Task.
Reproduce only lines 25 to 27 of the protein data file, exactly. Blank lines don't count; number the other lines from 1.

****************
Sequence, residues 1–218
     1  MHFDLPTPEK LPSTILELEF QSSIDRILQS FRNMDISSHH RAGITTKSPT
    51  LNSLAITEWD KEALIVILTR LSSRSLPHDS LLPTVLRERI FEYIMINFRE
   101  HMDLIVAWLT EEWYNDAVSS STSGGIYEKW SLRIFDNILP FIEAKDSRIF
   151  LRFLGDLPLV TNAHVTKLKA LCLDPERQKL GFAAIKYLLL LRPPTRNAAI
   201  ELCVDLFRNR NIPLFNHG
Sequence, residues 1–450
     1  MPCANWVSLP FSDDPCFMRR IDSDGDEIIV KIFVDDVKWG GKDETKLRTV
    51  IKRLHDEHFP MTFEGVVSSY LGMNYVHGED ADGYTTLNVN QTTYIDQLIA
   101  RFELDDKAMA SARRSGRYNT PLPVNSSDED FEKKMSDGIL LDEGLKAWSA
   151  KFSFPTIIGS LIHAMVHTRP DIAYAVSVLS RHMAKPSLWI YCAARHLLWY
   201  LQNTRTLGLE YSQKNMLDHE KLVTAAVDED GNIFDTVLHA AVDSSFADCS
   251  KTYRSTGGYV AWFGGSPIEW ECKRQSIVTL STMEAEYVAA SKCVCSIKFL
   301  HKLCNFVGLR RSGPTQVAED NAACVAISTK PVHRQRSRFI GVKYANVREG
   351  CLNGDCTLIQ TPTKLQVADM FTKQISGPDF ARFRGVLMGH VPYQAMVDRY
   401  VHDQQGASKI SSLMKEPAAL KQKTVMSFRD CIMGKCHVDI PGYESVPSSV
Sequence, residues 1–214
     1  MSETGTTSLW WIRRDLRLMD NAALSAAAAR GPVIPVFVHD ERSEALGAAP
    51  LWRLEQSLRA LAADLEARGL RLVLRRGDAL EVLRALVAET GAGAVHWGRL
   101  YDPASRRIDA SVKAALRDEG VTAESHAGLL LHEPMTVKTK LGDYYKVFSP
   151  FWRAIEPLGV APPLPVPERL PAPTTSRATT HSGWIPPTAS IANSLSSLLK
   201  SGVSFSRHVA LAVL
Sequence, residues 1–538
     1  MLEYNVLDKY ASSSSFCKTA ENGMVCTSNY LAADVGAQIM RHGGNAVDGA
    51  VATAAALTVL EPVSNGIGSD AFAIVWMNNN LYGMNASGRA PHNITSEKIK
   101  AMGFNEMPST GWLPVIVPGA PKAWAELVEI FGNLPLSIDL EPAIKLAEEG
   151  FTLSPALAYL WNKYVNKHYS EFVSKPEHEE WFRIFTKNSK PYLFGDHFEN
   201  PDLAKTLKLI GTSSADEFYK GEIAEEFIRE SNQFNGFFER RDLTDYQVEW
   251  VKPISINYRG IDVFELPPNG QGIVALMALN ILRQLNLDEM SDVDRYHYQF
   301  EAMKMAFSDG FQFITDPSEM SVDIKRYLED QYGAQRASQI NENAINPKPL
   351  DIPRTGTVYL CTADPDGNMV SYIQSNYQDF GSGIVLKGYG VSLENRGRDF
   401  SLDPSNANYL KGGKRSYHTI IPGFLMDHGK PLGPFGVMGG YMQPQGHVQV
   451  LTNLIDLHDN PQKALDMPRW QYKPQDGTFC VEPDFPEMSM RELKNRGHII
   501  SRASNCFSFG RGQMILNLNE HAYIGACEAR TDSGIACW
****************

    51  VATAAALTVL EPVSNGIGSD AFAIVWMNNN LYGMNASGRA PHNITSEKIK
   101  AMGFNEMPST GWLPVIVPGA PKAWAELVEI FGNLPLSIDL EPAIKLAEEG
   151  FTLSPALAYL WNKYVNKHYS EFVSKPEHEE WFRIFTKNSK PYLFGDHFEN